January 18, 2014

This blog post is based on the book Brainwashed: The Seductive Appeal of Mindless Neuroscience by Sally Satel and Scott O. Lillenfeld. Please bear with me as this is just the third post that I’ve written based on a source viewed on my Kindle.

The amygdala is a small region on each side of the brain. So we all should have two amygdalae. They are located in the temporal lobes, one in each hemisphere. In popular reports the amygdala has become almost synonymous with the emotional state of fearfulness. This is true. When you experience fear, the amygdala lights up. I have personal experience with research on the amygdala that I conducted when I was a graduate student. This was back in the days before brain imaging. I surgically implanted electrodes in rats placed under anesthesia so that they would electrically stimulate only their amygdalae. They were deprived of water and when placed in the operant chamber, they immediately started drinking. They received a shock after drinking. When they were placed back into the operant chamber they would not drink even if they were thirsty. However, if an electric current had been sent to the amygdalae when they were shocked the memory of the shock would never have been formed, so they would drink without fear when placed back in the operant chamber.

Although the amygdala is involved in fearfulness, it also responds to things that are unexpected, novel, unfamiliar or exciting. “This probably explains its increased activation when men look at pictures of a Ferrari 360 Modena. The amygdala reacts to photos of faces with menacing expressions, but also to photos of friendly, unfamiliar faces. If fearful faces are expected and happy faces unexpected, the amygdala will respond more strongly to the happy faces. The amygdala also helps register the personal relevance of a stimulus at a given moment. For example, one study revealed that hungry subjects manifested more robust amygdala responses to pictures of food than did their nonhungry counterparts.1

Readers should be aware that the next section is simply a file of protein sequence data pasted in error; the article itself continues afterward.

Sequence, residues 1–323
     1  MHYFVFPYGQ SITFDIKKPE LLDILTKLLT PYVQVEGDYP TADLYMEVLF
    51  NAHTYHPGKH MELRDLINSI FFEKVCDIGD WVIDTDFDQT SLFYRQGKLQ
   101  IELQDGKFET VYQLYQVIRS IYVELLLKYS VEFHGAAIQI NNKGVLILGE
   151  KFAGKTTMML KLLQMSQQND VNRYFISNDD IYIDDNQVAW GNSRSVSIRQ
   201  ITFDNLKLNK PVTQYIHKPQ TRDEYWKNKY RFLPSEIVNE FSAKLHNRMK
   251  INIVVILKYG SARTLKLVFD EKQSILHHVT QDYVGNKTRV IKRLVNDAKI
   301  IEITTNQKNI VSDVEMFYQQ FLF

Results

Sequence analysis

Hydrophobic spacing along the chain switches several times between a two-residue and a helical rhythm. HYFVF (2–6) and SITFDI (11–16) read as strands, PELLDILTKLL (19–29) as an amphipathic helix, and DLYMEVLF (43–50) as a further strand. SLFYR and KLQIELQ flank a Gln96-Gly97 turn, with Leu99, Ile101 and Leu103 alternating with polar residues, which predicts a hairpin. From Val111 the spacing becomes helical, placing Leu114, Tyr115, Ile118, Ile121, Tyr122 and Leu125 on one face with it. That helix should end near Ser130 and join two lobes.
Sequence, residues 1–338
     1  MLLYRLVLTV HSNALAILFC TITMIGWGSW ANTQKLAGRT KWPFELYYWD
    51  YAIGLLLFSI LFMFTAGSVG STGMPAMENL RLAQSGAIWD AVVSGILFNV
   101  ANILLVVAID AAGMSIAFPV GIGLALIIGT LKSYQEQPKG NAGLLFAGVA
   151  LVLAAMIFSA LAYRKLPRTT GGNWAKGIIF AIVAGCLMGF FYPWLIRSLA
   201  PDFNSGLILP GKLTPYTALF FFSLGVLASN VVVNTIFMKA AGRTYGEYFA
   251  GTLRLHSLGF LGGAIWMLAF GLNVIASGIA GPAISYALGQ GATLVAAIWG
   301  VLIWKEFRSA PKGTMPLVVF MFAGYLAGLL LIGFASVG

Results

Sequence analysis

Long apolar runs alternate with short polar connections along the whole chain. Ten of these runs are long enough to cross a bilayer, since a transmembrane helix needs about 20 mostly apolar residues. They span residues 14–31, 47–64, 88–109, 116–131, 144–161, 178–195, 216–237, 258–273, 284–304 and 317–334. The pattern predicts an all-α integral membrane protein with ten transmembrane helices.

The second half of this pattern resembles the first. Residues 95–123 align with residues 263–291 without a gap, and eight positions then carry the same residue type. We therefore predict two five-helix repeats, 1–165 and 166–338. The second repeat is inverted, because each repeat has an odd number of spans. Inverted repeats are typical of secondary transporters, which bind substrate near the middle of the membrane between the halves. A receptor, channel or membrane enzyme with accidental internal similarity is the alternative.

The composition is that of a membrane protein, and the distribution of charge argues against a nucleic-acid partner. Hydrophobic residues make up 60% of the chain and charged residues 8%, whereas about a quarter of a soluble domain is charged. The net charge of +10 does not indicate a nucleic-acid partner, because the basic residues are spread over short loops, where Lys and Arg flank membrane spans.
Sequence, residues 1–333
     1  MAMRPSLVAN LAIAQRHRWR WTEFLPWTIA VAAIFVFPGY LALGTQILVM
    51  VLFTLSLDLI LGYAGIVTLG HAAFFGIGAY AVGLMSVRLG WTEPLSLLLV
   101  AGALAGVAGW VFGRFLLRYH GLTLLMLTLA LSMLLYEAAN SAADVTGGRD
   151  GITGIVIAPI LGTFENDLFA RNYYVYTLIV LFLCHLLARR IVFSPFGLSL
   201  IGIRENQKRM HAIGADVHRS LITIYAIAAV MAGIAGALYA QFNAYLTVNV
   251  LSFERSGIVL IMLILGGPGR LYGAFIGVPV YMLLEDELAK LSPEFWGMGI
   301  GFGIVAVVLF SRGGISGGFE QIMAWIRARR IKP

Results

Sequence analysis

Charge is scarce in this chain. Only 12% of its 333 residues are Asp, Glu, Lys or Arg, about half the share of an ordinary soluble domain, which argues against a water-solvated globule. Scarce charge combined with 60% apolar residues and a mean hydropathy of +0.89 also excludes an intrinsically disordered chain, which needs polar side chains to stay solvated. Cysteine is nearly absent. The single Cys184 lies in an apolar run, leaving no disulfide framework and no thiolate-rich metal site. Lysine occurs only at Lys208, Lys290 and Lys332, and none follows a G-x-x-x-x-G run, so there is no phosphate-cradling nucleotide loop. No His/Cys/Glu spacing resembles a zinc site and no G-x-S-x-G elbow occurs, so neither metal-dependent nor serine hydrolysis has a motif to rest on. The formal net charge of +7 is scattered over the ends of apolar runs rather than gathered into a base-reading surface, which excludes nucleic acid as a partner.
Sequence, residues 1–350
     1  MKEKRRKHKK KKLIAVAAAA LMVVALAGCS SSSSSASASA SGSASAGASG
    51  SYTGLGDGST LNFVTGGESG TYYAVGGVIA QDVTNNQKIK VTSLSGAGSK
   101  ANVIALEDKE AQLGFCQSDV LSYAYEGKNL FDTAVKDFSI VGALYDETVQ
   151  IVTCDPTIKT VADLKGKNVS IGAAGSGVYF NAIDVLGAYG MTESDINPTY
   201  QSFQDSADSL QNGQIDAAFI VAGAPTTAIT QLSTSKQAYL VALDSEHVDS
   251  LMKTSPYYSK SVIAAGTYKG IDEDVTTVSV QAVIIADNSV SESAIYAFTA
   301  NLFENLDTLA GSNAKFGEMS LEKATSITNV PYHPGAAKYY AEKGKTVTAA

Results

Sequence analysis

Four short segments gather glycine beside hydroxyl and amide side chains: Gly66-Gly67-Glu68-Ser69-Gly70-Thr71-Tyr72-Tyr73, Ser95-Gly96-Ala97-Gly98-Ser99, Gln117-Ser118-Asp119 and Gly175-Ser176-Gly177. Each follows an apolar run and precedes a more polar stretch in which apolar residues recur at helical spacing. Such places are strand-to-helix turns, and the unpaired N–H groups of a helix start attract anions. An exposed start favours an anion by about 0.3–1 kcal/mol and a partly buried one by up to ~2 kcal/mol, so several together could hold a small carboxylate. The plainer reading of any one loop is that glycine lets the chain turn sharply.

This amygdala example illustrates the problem of reverse inference, which is a problem that plagues the popular media. Reverse inference is the common practice of reasoning backward from the neural activation viewed in an image to subjective experience. The problem is that brain structures rarely perform single tasks, so one-to-one mapping between a given region and a particular mental states is highly prone to error. So “When Jeffrey Goldberg views a picture of Mahmoud Ahmadinejad and his ventral striatum lights up like a menorah, some investigators might think, ‘Well we know that the mental striatum is involved with processing reward, so this subject, with his activated mental striatum is experiencing positive feelings for the dictator’”2 This would be true only if the ventral striatum exclusively processed the experience of pleasure. But novelty can also stimulate the ventral striatum.